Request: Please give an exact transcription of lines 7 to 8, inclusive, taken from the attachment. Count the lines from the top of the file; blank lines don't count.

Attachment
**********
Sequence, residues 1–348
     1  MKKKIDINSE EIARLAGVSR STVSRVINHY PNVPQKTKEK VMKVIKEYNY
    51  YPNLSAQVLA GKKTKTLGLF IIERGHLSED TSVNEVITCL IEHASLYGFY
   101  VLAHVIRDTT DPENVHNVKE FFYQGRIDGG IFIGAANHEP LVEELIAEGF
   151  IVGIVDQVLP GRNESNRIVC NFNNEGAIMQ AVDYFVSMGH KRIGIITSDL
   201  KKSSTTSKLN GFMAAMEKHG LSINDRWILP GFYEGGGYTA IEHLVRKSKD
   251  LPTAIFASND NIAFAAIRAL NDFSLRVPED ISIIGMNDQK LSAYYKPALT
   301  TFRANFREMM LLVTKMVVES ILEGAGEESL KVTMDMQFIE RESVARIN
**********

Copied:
   251  LPTAIFASND NIAFAAIRAL NDFSLRVPED ISIIGMNDQK LSAYYKPALT
   301  TFRANFREMM LLVTKMVVES ILEGAGEESL KVTMDMQFIE RESVARIN